Some association between socio-economic status and diabetes was evident in a Canadian study, which found that those with less than secondary graduation were more likely to report a diagnosis of diabetes.  However, when sex, family history and lifestyle factors were controlled, education was no longer associated with developing diabetes5.

Highlights and graphs

Time trend


Graphique 7.1 - Age-standardized percentage reporting a diagnosis of diabetes, by sex, household population aged 12 years or older, Canada, 2000/2001, 2003, 2005, 2007, and 2008.

  • As in other countries2 self-reported diabetes increased among both males and females in Canada between 2000/2001 and 2008, even when the aging population was taken into account.

  • A combination of demographic, lifestyle and clinical factors may account for this increase5:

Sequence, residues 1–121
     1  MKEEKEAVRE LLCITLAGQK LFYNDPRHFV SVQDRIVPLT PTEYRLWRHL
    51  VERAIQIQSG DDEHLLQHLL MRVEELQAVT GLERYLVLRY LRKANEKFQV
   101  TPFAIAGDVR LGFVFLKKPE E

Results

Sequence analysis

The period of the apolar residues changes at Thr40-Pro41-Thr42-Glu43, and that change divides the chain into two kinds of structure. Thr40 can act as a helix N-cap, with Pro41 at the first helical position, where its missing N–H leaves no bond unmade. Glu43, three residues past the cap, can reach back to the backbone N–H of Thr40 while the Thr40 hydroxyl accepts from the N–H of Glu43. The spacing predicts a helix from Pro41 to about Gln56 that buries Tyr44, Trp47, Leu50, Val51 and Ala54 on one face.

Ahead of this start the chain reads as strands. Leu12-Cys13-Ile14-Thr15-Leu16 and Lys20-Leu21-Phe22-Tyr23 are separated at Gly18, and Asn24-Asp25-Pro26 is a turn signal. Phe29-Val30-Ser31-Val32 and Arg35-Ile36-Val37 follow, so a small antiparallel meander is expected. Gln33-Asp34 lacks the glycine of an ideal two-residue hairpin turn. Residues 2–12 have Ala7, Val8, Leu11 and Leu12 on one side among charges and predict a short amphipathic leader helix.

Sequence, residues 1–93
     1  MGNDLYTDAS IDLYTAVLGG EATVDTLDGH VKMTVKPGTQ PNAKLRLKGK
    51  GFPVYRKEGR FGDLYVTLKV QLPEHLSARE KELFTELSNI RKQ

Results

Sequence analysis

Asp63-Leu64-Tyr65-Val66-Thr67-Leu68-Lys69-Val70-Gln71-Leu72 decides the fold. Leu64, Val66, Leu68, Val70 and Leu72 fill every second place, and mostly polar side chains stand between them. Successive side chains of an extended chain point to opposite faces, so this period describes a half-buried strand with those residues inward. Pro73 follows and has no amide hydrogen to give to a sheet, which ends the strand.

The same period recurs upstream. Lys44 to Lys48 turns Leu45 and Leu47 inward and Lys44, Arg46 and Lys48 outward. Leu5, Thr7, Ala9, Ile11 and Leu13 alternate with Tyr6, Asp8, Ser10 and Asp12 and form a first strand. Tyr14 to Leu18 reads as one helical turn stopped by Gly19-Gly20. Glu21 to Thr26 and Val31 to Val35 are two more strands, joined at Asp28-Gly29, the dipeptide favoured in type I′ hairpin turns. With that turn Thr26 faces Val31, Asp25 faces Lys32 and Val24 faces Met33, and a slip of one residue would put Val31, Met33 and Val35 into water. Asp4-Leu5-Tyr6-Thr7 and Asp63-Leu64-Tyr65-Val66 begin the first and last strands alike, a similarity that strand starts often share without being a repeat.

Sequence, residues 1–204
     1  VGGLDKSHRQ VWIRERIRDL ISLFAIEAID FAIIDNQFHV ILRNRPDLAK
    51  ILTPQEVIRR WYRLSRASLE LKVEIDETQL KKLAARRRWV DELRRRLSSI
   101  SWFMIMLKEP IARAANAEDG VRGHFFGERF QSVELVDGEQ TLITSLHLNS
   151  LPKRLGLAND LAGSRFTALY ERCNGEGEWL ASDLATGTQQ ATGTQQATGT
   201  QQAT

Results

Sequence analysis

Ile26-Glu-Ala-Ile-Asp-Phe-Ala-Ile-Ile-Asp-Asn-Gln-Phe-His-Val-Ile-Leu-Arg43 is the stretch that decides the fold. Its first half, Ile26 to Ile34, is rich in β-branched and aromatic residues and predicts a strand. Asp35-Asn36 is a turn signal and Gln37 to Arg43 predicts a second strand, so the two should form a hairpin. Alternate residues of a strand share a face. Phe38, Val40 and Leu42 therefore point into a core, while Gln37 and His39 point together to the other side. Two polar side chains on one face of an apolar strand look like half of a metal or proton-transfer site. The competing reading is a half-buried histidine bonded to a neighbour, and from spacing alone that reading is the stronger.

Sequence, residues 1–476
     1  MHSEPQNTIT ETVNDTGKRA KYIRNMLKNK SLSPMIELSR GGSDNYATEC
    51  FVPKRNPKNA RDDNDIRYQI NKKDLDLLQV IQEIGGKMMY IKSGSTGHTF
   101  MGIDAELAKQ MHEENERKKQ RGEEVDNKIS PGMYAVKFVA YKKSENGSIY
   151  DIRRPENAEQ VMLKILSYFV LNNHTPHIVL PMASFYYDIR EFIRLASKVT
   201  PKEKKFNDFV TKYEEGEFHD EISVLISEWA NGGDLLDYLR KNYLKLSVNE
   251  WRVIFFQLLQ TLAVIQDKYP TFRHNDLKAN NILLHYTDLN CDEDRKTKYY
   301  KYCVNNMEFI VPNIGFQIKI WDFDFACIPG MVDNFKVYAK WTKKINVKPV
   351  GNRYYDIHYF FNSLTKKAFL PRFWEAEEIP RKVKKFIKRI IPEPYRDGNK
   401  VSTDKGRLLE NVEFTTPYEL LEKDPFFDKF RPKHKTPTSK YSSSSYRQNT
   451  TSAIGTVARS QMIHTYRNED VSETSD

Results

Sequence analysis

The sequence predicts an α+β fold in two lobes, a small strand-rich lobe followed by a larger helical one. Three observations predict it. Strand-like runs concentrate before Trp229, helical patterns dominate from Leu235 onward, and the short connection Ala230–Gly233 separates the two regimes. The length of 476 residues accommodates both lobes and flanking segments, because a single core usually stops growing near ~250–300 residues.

• a decline in diabetes mortality;

  • increased prevalence of overweight and obesity, an important risk factor;

  • broader diagnostic criteria that affect the number of cases identified;

  • and growing awareness among physicians and the public that could lead to increased detection.
  • Males were consistently more likely than females to report a diagnosis of diabetes.

Note: Age–standardized, direct method to 1991 Canada population.

Age group and sex



Graphique 7.2 - Percentage reporting a diagnosis of diabetes, by age group and sex, household population aged 12 or older, Canada, 2008 .

  • In 2008, 6.3% of males (900,000) and 5.4% of females (800,000) aged 12 or older reported a diagnosis of diabetes. The actual number of people with diabetes is likely to be even higher8 because many people with diabetes may not be aware of it.
  • Diabetes becomes more prevalent with advancing age—1 in 6 senior males and 1 in 7 senior females reported a diagnosis of diabetes, compared with fewer than 1 in 200 people aged 12 to 24.
  • Overall, males were more likely than females to be diagnosed with diabetes, particularly at ages 55 or older. Females in the 25 to 34 year old age group were more likely than males to report such a diagnosis.